The violin – also known as the fiddle, as defined by a few violin school Singapore entities is a bowed stringed musical instrument that originated after the Renaissance from earlier bowed instruments such as the medieval fiddle, the lira da braccio, and the rebec. The violin is most likely the most well-known and widely available musical instrument in the world. Violin school Singapore firms

The violin’s eastern forefathers

Stringed instruments that use a bow to emit sound, such as the violin, are referred to as bowed stringed instruments. The predecessors of the violin are said to be the Arabian rabab and the rebec, which came from the Orient in the middle ages and were common in Spain and France in the fifteenth century. A bowed stringed instrument known as a fiddle first appeared in Europe at the end of the Middle Ages. The Chinese erhu and morin khur originated from the rabab in the East, and hence they are related to the violin.

Who invented the first violin?

Some violin school Singapore experts believe that in terms of completeness, the violin is in a class by itself as compared to its forefathers. Furthermore, it did not evolve naturally over time, but rather emerged in its present shape abruptly around 1550. However, none of these early violins are still in use today. The violin’s background is inferred from drawings from this period that depicts violins.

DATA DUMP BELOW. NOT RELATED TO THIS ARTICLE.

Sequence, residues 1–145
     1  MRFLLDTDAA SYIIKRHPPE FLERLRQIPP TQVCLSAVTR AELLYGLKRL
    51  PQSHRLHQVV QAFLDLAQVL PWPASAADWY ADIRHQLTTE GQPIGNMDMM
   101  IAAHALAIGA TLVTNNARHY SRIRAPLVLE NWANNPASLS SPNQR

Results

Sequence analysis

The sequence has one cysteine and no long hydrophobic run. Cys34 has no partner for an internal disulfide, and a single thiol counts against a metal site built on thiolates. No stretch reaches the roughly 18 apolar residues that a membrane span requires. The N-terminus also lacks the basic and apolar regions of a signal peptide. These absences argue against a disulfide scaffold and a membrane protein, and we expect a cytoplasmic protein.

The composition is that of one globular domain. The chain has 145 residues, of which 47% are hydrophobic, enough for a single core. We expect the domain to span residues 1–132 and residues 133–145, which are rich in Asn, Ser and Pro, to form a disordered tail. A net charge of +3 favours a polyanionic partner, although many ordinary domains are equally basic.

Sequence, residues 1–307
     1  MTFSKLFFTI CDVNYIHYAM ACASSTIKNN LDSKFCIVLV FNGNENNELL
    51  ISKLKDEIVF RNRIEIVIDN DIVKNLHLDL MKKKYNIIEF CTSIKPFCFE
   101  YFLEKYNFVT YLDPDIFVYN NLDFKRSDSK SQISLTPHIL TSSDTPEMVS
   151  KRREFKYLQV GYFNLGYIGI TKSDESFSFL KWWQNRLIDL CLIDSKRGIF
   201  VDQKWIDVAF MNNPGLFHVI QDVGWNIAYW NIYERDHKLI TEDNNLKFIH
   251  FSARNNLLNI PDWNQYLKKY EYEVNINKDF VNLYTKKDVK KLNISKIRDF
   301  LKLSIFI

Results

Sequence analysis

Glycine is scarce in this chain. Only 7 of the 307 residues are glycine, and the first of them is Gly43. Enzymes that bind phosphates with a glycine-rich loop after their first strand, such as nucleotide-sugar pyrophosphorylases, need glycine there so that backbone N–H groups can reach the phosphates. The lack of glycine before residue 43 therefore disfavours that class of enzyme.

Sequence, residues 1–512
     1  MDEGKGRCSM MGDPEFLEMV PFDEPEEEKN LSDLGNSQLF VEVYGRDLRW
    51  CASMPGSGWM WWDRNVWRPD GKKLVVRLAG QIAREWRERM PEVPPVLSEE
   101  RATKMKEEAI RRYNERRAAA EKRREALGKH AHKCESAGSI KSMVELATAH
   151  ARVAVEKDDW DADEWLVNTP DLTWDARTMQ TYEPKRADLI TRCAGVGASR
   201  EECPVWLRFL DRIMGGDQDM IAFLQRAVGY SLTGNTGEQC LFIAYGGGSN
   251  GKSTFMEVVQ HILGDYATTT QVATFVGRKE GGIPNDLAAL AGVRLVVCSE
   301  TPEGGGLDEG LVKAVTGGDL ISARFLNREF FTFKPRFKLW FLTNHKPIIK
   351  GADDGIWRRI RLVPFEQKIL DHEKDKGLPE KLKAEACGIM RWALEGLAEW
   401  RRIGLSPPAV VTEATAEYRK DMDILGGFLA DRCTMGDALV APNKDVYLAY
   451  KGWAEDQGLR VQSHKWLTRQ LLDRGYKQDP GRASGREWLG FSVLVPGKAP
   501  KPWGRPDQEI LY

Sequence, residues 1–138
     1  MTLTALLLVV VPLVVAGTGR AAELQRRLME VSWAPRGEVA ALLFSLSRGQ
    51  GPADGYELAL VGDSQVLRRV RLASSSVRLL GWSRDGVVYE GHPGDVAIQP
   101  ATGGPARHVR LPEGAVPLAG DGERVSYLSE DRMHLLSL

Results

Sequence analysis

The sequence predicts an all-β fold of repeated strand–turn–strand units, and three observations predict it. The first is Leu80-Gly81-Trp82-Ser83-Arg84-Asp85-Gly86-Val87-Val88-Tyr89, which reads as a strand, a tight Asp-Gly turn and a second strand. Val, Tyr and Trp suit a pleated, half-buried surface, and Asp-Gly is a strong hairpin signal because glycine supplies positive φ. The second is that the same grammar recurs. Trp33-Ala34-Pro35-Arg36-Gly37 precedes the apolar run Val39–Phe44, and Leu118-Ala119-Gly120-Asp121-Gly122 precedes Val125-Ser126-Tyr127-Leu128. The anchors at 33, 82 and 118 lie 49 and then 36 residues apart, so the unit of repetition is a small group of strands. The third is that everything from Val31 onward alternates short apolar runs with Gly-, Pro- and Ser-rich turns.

The two earliest known violin makers are both from northern Italy: Andre Amati of Cremona and Gasparo di Bertolotti of Salone (Gasparo di Salon). The history of the violin rises from the cloud of folklore to hard reality thanks to these two violin makers. These two’s violins are still in use today. In fact, the oldest violin still in existence today is one made about 1565 by Andre Amati.

Is the viola related to the violin?

Though the violin was introduced to the world in the middle of the sixteenth century, a similar-looking instrument called the viol was made in the fourteenth century. The viol flourished in the sixteenth and seventeenth centuries, and the violin and viol coexisted throughout the Baroque era.

The viol family’s instruments did not have the f-shaped soundhole of the violin, but either a C-shaped soundhole or a more decorative shape. The viol differs from the violin in that it has six, seven, or more strings tuned in fourths (as opposed to the violin’s four strings tuned in fifths), a fretted fingerboard, and a comparatively thick body due to the sloping shoulder shape at the neck-body junction. There are many sizes, but the Viola da Gamba, which has a lower register comparable to the cello, is the most well-known.

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